In our latest blog, CEO Paul Campion sees the future of mobility and transport laid out in a costume drama set in 1912. In a world of connected and autonomous cars, high-speed trains and mass air transit, what can we learn from the Lord Grantham and his household?
I have no idea what the overlap is between fans of Sunday evening television costume dramas and fans of transport innovation, but I have made a connection which I think is worth considering if you work in the transport industry. Perhaps everyone reading this thinks this is very old news, but just in case anyone is not sure what I am on about let me explain the premise of Downton Abbey.
The show is set in the early years of the twentieth century, the fictional Robert, Earl of Grantham is the hereditary owner of the titular stately home and estates. As in many a drama, his poor family suffer more than their fair share of illnesses, coincidences and assorted vicissitudes.
The important feature of the situation from our transport industry perspective, is that he employs a large number of servants who look after the house and tend to his family’s every need. As the year progresses they move from country estate to London house and back. Lord Grantham has a discussion with his butler along the lines of; ‘I think we’ll go to London next week, Carson’ and the next thing we know boxes and packages are being unpacked in Belgrave Square.
Now, whatever you think about this, or any other, television drama, there are a few real historical observations that we can learn from.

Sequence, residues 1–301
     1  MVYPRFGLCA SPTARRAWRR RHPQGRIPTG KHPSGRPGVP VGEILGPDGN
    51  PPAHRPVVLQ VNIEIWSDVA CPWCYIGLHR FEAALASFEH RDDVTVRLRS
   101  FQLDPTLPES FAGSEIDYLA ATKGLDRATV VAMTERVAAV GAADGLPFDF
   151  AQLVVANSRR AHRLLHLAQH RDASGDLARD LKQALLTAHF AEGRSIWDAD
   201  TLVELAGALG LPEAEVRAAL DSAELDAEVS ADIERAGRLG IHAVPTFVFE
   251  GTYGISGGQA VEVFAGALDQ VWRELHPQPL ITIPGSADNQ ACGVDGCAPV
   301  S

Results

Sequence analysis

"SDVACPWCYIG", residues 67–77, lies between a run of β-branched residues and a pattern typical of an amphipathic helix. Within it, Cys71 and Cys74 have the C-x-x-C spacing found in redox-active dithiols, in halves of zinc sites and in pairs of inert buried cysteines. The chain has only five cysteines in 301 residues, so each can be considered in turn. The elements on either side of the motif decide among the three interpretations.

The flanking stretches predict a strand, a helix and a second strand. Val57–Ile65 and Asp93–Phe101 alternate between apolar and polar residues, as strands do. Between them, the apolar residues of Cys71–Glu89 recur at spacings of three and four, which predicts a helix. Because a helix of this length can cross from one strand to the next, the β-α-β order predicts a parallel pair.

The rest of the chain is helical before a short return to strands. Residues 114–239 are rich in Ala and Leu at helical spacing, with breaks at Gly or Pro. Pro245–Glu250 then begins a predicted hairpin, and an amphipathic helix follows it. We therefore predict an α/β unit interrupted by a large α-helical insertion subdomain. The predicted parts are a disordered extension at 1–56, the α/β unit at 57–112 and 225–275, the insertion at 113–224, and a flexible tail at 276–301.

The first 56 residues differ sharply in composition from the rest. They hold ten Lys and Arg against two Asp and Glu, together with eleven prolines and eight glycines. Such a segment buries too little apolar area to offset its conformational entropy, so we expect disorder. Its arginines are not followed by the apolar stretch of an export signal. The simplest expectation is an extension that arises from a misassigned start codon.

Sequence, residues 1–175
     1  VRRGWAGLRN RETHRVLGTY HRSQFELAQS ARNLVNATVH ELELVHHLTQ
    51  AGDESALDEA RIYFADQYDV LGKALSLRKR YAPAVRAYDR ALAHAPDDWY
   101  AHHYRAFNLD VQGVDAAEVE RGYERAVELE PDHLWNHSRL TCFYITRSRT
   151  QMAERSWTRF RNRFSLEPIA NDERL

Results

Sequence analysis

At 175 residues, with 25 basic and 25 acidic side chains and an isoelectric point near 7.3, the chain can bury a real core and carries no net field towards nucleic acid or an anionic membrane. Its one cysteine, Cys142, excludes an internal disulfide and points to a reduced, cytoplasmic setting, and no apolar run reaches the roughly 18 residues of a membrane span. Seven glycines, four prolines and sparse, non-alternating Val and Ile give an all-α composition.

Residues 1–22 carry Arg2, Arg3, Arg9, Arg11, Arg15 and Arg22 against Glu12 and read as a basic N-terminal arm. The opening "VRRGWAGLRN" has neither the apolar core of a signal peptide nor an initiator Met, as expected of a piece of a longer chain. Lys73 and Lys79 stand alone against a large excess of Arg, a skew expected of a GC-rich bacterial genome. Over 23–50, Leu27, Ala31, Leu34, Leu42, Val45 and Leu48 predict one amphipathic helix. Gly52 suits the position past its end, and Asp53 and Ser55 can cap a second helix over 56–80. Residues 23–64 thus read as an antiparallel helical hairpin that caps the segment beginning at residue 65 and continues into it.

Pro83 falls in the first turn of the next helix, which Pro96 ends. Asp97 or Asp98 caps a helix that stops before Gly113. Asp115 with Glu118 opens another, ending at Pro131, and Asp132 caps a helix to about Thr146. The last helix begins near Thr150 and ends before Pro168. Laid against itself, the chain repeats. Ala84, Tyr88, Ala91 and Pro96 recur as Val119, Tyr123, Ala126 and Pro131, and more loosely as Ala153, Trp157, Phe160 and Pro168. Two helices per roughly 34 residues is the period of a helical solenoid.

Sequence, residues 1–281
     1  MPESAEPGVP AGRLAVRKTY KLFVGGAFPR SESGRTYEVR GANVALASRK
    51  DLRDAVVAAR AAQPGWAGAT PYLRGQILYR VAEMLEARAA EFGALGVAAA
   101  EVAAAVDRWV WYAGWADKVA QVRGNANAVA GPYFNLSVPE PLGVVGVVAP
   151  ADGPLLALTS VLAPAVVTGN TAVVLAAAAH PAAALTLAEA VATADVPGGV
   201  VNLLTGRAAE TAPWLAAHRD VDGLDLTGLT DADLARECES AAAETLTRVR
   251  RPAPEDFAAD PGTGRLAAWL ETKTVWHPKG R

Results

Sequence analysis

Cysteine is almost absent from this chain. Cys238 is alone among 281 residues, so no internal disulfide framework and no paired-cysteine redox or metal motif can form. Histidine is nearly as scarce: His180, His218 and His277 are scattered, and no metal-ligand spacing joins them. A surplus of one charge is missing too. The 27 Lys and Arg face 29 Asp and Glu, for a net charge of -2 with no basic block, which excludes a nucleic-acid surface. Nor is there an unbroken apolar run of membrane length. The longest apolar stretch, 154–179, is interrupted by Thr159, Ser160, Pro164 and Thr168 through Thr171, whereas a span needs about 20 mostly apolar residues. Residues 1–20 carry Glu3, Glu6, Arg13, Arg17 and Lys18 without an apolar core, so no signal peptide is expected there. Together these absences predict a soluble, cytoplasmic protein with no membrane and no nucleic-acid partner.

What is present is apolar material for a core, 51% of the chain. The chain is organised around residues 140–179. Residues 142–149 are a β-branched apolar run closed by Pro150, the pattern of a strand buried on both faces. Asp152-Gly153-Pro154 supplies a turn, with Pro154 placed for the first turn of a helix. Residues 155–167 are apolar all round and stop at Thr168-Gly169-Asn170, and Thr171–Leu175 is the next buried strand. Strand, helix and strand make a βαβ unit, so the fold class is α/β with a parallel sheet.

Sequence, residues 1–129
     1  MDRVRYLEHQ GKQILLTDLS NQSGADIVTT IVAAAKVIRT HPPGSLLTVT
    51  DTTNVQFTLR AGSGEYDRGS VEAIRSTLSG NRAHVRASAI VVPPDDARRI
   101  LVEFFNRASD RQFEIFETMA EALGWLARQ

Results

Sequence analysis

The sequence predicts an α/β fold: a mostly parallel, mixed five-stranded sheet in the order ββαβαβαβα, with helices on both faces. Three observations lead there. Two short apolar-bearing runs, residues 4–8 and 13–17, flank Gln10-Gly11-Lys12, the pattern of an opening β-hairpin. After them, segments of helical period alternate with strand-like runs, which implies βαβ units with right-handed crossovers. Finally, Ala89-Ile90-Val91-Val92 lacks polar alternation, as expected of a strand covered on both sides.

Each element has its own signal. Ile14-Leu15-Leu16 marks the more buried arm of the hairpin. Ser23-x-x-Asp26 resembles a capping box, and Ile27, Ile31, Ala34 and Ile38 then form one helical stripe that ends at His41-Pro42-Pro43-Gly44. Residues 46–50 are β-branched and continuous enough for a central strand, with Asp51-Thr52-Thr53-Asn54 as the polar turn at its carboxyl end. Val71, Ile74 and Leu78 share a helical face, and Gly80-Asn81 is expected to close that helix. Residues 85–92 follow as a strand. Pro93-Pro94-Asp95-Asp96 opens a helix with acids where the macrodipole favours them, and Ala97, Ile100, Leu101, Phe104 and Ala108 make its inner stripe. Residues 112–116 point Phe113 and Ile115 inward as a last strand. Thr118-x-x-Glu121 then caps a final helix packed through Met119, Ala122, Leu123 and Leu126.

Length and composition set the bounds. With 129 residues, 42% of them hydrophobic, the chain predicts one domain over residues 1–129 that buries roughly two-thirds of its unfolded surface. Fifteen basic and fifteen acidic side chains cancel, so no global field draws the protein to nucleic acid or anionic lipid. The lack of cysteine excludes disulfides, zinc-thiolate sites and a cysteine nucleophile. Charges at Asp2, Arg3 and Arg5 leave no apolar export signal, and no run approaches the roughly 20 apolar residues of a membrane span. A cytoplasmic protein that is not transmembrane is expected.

Firstly, the infrastructure and vehicles used by the likes of the Earl of Grantham and his household were much the same as today: trains, buses, taxis, private hire vehicles, private cars and a variety of good vehicles operated in very similar ways. There have been some technical changes (steam has been replaced as a power source on the railways) – but the similarities are more numerous than the differences.
The second point is that the biggest change we have seen since is the democratisation of transport. A hundred years ago, the average person (by which I the sort of person who does not have television dramas written about them) did not tend to move far from home. Work, shopping, schooling and fun happened within walking distance or bus ride away. Holidays were few and might involve a train ride. True, lots of people commuted by rail to London but, proportionally, many fewer than today. The underlying reason for this was economics: people had much less money than today.
The standard of living of the people of the United Kingdom has dramatically improved over the last one hundred years (as it has for the vast majority of humankind, albeit starting from different bases and increasing at different rates.) Some of the more obvious ways in which peoples’ lives are different are well recognised: nowadays people expect to have warm, dry places to live with indoor sanitation and hot water, enough food to eat and easy access to medical care…all things which the average person in the early twentieth century could not rely on.